“Everyone assumed it was a female because he had that pouch but apparently both males and females can contort their muscles in such a way to make a pouch – so at this stage we aren’t sure what sex Makka is,” Francis said. “That was certainly a surprise.”

Sexing echidnas can be difficult as the proper female pouch is only present in adult echidnas when they are breeding. The penis may be palpated and even extruded, but this is done under general anaesthesia and subject to false negative results. Mature adult males have large hind-limb spurs, although small spurs have been found on some females, potentially confusing the issue. For the sake of convenience, Makka is therefore referred to as a male.

Raising Makka has been a trial-and-error process. While he gained weight initially on every-second-day feeds he went through a period where he didn’t do so well, failing to gain weight despite being fed around 20 per cent of his body weight every other day. His carers altered the amount and frequency of feeds without much improvement initially.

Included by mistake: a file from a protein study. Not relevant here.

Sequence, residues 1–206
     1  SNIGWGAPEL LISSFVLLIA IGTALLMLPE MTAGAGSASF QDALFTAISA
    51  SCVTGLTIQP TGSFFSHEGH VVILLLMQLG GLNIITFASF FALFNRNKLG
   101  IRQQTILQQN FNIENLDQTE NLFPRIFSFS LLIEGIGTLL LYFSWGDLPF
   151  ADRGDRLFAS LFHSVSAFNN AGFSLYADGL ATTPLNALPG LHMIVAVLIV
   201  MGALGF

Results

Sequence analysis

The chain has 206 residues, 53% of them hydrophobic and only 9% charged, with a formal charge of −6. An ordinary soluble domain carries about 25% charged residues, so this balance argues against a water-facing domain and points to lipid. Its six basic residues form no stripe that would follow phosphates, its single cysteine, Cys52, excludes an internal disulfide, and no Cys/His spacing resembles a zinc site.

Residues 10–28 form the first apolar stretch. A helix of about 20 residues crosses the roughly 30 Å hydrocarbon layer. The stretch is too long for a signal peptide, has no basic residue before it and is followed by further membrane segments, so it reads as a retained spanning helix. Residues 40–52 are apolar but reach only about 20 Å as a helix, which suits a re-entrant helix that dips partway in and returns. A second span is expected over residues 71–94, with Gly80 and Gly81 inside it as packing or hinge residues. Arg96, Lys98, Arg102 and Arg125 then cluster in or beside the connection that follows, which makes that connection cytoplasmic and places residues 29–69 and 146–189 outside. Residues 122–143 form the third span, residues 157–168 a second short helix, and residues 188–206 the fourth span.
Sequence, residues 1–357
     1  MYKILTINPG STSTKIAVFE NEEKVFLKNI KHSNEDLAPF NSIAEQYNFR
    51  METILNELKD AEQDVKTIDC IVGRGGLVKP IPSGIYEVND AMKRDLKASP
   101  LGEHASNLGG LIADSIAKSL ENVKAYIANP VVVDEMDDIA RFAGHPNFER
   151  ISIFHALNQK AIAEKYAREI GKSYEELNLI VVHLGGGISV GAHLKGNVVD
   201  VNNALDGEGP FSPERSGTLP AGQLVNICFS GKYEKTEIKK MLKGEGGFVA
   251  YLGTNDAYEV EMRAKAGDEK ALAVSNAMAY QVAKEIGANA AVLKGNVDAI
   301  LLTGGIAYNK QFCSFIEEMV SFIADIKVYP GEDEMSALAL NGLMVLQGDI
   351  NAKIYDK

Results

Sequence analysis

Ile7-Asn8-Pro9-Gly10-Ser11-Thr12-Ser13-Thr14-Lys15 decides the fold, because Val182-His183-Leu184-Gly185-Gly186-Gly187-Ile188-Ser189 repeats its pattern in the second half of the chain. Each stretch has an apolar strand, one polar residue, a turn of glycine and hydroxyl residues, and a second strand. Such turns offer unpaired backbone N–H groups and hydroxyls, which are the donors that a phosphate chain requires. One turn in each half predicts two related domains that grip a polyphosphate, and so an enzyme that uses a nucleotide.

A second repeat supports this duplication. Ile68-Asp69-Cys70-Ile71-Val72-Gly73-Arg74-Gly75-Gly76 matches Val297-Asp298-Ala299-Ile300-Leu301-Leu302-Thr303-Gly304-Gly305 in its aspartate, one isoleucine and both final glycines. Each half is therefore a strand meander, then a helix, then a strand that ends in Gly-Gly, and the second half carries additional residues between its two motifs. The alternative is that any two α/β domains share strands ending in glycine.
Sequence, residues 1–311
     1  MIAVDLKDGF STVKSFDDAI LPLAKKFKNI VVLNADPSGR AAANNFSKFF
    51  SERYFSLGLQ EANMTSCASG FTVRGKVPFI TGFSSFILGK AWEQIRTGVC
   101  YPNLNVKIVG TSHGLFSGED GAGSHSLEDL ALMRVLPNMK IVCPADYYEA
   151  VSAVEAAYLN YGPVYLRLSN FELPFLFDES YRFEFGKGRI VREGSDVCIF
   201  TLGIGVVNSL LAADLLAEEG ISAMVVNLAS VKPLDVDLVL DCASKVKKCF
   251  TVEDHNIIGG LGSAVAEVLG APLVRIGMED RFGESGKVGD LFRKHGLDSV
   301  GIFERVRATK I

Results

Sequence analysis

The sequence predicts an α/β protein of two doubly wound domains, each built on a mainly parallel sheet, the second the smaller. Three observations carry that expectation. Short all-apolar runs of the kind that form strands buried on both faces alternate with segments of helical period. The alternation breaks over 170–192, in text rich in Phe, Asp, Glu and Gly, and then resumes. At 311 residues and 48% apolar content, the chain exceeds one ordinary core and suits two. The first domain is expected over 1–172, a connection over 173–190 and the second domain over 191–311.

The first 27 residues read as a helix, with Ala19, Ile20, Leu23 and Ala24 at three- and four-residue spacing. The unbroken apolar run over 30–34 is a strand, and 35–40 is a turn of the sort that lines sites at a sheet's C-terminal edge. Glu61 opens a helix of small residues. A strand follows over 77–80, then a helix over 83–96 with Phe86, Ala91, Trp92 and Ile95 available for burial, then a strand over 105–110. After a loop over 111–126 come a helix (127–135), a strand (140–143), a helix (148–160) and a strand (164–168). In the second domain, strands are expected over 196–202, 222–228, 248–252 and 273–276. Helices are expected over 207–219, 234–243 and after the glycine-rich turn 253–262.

“In the initial stages we really were in unchartered territory,” Francis said. “We sought advice from a number of carers and people who had raised puggles including the Territory Wildlife Park. We didn’t want to over-feed him but we had to make sure he was getting enough energy as during some of those early feeds he was so tired.”

Francis took Makka home over the Christmas period, which is when he really began to drink.

In terms of housing, Makka is kept in an aerated esky in an air-conditioned room with a shredded-paper substrate.